At its most basic, insurance is an instrument designed to help financially when things don’t go according to plan. As a result, just about everyone needs insurance at one time or another during their lives, whether that’s for the purpose of travel, your home and belongings, or to look after your dependants. This means that insurance is an important employment sector in the UK. In 2018, there were more than 94,000 people working in insurance jobs.
Insurance jobs might have a reputation for being boring, but, in reality, this is probably because the work is low stress, stable and secure. That said, it’s not everyone’s first choice when it comes to a career. Many people either fall into it or enter the career through family connections. However, new technology has changed the industry and, for those with an interest in IT, the sector offers some very exciting opportunities.
When it comes to variety, there are a huge range of insurance jobs across a number of specialisms. These include:
Underwriting – This is the process by which financial institutions take on risk for a fee. Underwriters effectively assess clients and their needs in order to create the terms of the insurance policy.
Broking – Insurance broker jobs exist for the purpose of researching, finding and selling the best policies for client needs.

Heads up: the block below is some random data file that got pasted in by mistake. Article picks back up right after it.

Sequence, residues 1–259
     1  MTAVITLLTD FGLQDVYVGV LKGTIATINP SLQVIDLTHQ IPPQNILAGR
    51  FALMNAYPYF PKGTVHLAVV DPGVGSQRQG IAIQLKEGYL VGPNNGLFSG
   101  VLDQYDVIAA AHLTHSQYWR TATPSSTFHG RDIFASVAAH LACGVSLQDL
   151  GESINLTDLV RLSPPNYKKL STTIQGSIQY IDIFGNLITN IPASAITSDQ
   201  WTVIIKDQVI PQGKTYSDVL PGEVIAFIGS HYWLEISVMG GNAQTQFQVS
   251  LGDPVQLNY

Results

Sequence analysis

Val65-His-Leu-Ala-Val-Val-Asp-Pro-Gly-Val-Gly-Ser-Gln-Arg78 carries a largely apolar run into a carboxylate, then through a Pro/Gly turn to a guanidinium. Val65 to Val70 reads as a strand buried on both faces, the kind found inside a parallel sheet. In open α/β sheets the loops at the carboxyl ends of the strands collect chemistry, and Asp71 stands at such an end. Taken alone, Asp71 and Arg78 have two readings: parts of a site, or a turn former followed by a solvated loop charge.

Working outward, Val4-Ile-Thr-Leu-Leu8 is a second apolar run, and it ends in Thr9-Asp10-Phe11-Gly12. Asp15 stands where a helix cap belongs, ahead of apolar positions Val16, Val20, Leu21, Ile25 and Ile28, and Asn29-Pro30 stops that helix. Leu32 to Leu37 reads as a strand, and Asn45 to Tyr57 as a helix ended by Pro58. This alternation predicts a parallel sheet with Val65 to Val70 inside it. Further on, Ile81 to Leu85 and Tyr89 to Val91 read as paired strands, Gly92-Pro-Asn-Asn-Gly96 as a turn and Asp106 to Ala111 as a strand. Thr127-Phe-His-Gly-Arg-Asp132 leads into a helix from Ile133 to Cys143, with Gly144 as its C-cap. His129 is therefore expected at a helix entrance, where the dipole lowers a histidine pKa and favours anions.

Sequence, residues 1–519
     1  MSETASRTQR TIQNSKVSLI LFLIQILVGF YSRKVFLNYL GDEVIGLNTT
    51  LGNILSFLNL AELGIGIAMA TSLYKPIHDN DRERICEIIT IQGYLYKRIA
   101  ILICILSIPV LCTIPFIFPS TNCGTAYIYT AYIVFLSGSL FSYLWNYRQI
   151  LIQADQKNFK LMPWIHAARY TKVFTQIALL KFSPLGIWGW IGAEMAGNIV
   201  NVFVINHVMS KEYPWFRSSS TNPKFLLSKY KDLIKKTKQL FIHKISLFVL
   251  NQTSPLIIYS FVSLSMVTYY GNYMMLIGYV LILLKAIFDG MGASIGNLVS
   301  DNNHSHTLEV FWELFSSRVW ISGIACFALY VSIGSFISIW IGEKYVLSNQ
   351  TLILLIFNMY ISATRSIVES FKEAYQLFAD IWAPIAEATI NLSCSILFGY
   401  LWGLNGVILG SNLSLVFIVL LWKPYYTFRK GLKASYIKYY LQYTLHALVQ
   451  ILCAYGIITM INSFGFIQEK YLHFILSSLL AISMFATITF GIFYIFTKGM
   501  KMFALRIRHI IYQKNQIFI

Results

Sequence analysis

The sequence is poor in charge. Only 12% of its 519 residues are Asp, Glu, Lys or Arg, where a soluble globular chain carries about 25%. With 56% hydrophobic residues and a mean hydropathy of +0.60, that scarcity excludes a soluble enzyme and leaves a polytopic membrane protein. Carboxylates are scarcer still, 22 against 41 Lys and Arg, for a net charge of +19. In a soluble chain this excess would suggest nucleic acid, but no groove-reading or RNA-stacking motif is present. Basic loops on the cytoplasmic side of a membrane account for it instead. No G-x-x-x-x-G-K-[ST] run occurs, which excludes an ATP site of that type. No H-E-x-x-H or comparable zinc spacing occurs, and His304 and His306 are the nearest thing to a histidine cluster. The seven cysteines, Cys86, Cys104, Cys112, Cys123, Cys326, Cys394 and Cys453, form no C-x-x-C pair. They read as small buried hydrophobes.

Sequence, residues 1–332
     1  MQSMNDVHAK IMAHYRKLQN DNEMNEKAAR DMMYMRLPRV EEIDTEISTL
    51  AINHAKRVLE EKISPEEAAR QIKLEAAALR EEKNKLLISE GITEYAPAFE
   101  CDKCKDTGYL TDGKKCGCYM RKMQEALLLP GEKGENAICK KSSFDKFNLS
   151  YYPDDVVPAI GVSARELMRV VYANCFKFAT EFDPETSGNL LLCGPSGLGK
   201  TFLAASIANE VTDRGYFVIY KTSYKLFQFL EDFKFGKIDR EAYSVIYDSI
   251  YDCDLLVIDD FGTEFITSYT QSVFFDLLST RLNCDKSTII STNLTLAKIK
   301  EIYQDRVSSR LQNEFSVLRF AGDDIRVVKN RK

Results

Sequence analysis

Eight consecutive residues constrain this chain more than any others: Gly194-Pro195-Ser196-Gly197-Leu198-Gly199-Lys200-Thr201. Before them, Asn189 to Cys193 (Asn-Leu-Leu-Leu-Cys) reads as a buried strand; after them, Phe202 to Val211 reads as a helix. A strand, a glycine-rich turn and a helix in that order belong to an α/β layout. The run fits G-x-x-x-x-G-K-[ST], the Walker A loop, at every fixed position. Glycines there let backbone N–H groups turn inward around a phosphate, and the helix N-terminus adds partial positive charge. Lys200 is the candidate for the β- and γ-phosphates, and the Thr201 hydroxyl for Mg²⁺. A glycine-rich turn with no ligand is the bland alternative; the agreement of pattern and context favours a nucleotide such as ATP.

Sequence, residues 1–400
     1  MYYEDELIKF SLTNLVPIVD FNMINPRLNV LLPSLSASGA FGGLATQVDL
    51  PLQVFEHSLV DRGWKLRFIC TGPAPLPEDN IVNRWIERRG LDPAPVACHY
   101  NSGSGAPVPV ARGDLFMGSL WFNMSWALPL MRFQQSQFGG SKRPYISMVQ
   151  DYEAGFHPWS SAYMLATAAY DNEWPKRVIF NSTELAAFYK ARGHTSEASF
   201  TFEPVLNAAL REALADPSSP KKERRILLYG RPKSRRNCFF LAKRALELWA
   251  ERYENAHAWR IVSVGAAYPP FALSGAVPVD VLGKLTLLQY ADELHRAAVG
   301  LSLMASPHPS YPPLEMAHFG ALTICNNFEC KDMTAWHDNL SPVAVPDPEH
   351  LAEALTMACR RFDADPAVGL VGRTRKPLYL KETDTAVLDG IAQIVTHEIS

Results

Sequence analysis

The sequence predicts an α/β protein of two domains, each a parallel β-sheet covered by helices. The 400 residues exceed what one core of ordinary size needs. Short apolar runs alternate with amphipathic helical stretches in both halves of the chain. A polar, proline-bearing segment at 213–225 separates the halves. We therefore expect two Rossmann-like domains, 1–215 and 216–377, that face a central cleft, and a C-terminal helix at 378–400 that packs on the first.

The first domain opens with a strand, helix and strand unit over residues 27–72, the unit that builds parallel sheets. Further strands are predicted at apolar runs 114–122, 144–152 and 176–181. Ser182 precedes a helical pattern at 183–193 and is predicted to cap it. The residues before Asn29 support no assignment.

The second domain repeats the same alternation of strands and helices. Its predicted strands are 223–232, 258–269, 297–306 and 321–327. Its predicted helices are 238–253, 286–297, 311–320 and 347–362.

Claims – Working in claims, you’ll act as the first port of call for a client who needs to make a claim.
Loss adjustment – Loss adjusting typically involves a lot of travel as loss adjusters are required to attend sites in order to review and assess claims.
Beyond these roles, there are a number of specialist niches within insurance, such as personal liability insurance or specialist commercial insurance. These involve front-facing and back office roles, servicing clients, dealing with claims and assessing risk, as well as business and data analysis.
Getting into insurance
Insurance is popular with graduates as most degree disciplines are accepted. Companies are looking for people with the right skills rather than specific knowledge related to insurance. However, a professional qualification can take you far. Most graduate schemes involve the Advanced Diploma in Insurance (ACII) or fellowship (FCII) from the Institute of Insurance. Initially, however, you’ll be able demonstrate good problem solving and analytical skills. The professional exams can be demanding so a sound work ethic will be essential. As with so many careers dealing with a variety of clients, solid interpersonal and negotiating skills will be essential.
Job security is high and prospects are good in insurance. Many people who go into the sector spend their entire lives working in the niche, sometimes with only one or two job changes along the way. Work/life balance is excellent. Most insurance broker jobs operate Monday to Friday, 9 to 5. You won’t be tied to your desk 20 hours per day as with many other financial jobs. Starting salaries on graduate schemes start around £30,000, depending on company size and location. Once you complete a professional qualification, your salary could double and in multinational firms, there is plenty of opportunities to take your skills overseas. Those at the top can earn a six figure salary. Some can go on to establish their own specialist businesses.
For a wide range of jobs in insurance, start with a search on Zoek UK.
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